Decoding Language in the Service of Social Justice

Steven Palmer reflects on Brian Purnell's workshop, which explored questions about when and where oral historians should enter products of oral history.  This talk took place on Thursday, November 6, 2014.

Brian Purnell, Professor of Africana Studies at Bowdoin College in Maine, worked in a 30-minute interview with OHMA students before his lecture titled “Can the Oral Historian Speak?” at Columbia University on November 5th, 2014.  Not wanting to duplicate his proposed lecture, I reviewed Professor Purnell's website and found a fantastic lecture Professor Purnell gave to a class he taught called, "The Wire": Race, Class, Gender, and the Urban Crisis” that aired on C-Span's American History channel on 2/1/12.  Professor Purnell utilizes the TV series, The Wire, as a reference point to discuss the "crisis" of cities from the 1960s to the 1990s. Here is a clip from his lecture that captured my imagination and provided the material for my discussion below. 

When watching Purnell's lecture, I was intrigued how he discussed terms like "race relations", "race riots", "black migration", and "ghetto".   Purnell's approach is effective:  He does not clobber students over the head with political correctness.  When discussing ghettos, he says, “People don’t live in ghettos, they live in communities.”  Purnell turns the noun, “ghetto” into a verb, “ghettoization”.  He says, "Think of it [ghettos] as a process, not necessarily a place, though there are spatial characteristics to racial segregation, poverty, joblessness...the white noose around the black neck."  His manner is very thoughtful and though his explanation is stark with its visual of the noose, he then employs humor.  He goes on to say “It’s not as if you cross into the south side of Chicago and there’s a sign that says ‘Welcome to the ghetto’” at which point he laughs and his students laugh with him.  He then says, “I would encourage you to think of it as a process.” I found myself surprised -- this rethinking of terms is crucial and, honestly, until he brought it up in this context, I hadn't considered that those terms were problematic blind spots in my own vocabulary.  To me, the term "ghetto", constituted a location.  I understood there were inequalities of society that lead to the creation of ghettos, but his reframing and redefining the idea of ghetto is pointed -- it takes the onus off of the people living in ghettos as creating their realities and instead puts that onus on the factors that lead to ghettoization in the first place.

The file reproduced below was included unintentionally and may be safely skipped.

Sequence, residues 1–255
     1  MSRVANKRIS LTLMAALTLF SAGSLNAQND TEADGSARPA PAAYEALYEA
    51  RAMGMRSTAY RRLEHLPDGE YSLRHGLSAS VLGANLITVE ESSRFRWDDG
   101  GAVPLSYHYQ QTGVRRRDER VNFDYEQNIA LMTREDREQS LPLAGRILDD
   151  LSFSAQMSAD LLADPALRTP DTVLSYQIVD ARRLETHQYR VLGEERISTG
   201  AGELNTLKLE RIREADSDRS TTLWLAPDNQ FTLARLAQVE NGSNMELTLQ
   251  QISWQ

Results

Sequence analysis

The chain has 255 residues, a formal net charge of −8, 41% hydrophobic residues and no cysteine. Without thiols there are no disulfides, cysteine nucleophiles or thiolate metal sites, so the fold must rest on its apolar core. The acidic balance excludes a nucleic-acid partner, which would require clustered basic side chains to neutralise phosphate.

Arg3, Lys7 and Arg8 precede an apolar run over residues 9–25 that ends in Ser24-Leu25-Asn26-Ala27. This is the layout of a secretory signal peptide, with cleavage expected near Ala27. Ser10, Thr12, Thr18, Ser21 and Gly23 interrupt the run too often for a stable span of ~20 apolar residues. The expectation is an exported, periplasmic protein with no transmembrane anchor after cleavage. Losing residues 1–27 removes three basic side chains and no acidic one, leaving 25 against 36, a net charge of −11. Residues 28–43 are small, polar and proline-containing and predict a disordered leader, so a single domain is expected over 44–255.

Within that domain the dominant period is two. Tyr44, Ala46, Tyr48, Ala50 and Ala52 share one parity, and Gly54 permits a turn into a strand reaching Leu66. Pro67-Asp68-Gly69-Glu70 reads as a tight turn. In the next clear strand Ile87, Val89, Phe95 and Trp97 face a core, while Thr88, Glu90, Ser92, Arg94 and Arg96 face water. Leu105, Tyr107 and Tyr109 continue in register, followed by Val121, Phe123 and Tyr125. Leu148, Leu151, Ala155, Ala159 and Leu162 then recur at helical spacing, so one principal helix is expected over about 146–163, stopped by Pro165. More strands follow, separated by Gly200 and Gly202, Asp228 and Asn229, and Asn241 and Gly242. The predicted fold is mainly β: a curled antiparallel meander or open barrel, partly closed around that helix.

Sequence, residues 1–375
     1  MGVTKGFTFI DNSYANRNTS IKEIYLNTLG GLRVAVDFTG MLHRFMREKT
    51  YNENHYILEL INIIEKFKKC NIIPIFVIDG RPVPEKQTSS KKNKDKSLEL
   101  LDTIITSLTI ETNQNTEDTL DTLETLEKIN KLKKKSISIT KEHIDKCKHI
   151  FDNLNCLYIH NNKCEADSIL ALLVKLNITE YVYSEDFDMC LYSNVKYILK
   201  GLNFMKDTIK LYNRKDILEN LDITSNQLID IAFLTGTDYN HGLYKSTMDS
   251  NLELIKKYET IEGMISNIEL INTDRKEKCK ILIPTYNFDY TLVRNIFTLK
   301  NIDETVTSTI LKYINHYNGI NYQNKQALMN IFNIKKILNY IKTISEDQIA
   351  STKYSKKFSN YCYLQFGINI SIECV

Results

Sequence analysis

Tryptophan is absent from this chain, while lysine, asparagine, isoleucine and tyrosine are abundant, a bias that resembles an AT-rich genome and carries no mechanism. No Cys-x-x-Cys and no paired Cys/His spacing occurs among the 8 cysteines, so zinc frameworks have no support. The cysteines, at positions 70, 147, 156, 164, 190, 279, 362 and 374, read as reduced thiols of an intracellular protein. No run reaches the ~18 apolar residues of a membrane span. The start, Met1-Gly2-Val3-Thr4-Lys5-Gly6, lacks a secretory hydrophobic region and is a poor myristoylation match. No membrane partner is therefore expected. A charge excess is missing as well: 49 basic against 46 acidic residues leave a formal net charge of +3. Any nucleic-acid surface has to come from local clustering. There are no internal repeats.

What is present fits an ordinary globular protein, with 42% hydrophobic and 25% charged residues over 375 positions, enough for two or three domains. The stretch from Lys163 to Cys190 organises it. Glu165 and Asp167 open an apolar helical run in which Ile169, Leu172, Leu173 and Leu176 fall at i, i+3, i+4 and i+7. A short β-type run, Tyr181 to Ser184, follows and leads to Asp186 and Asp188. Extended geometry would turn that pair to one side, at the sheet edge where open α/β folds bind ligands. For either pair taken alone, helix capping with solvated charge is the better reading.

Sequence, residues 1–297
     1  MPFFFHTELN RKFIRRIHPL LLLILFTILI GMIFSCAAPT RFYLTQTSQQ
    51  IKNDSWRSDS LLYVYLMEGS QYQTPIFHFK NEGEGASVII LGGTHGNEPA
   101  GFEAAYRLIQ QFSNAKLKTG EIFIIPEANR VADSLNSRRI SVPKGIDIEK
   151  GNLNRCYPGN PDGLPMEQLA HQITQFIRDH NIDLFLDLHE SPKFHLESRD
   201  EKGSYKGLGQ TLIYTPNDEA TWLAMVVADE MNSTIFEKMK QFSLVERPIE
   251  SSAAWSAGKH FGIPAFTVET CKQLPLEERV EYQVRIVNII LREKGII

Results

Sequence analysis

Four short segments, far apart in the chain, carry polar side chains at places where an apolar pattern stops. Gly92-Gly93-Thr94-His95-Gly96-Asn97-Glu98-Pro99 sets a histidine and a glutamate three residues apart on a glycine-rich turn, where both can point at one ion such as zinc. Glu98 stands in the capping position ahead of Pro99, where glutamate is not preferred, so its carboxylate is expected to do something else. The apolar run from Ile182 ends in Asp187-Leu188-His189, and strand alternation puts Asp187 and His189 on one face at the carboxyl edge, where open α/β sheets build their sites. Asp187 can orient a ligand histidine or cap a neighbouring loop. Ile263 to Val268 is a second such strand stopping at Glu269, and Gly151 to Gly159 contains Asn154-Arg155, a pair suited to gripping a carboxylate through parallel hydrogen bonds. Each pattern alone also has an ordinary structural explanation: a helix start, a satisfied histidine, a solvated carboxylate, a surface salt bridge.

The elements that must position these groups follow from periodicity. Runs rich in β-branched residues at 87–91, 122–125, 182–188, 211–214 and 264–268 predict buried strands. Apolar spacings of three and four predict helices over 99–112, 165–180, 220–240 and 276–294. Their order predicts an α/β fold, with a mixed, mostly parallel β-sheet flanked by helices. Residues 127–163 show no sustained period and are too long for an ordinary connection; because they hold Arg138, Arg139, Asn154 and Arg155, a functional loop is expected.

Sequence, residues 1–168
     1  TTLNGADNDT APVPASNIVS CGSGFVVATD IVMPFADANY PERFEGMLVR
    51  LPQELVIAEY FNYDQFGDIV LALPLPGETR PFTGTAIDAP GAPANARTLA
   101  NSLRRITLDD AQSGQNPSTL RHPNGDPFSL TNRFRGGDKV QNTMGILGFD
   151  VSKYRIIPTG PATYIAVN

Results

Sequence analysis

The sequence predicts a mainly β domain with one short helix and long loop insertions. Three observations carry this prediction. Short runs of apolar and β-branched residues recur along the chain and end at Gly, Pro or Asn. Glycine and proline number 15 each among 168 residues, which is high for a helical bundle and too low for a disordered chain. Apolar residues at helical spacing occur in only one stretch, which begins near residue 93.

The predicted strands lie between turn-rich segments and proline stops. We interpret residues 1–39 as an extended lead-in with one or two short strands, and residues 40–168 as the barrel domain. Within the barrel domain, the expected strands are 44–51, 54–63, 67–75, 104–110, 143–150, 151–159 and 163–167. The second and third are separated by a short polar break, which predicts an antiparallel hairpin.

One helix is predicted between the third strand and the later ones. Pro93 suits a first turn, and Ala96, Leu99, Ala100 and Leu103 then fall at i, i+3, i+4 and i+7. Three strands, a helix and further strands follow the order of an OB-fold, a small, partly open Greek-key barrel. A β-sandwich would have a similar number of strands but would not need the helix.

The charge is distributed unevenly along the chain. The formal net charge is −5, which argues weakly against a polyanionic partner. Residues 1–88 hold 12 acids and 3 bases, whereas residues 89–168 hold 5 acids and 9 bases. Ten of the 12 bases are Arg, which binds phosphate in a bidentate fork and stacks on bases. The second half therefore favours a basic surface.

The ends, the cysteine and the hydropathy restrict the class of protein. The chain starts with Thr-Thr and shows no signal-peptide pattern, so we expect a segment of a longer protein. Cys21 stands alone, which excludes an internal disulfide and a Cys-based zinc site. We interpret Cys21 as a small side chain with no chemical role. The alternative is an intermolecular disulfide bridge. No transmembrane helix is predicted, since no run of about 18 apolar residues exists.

When I prepared for Purnell's lecture, I jotted down notes and started to write about how Purnell addresses "the problem of race in America."  Purnell never uses those words -- "the problem of race in America" -- it was my summation of his talk.  I caught myself, in no small measure as a result of Purnell's discussion of racial terminology, and thought, "Wait a minute, what does that mean?"  What on earth is the "problem of race in America?”  I wondered whether that grouping of words informed the American psyche by suggesting that blacks are the problem -- that something about blacks as a race is an organic problem -- it arises from them, not as a result of the societal context they find themselves in.   This leads to the incorrect conclusion that society has to, as Purnell points out, “fix the way that they act” in order to fix the problem.  I came to understand these terms, and described them to Purnell as linear vectors of implied meaning, aimed at the black community, imbued with negative connotations but never revealing where those vectors originated from which is from a history of racism.  These negative terms are conflated, incorrectly, with the population that has been victimized, not with the perpetrators that victimized the population.

Decoding language isn't going to bring around social justice, but it can help.  And getting back to the title of Professor Purnell’s talk, “Can the Oral Historian Speak?” my personal experience says that we can speak and that decoding language is imperative in order to clarify what the narrator means.  For example, in an interview I conducted about gays and hippies in San Francisco in the 1960s, the narrator referred to “sweater queens”, a term I had never heard before so I asked him to clarify before proceeding with the interview. He meant uptight gay men whose lives were bourgeoisie and socially conforming in the same ways as straight people at that time.  The narrator’s explanation was vital to the context of the interview which would’ve been subject to speculation had I not stopped him.  We have unconscious assumptions about many terms, whether describing race or something else, and we need to allow those terms to come to full consciousness so that they can start to unravel.  In doing so we will recognize that they are dynamic, roiling with meaning passed down through the generations, and begin to uncover the several layers of context and/or prejudice that brought them into being.


Watch the entire lecture on C-Span.

Columbia University’s Oral History Master of Arts Program sponsors a workshop series that is free and open to the public. Join us next time.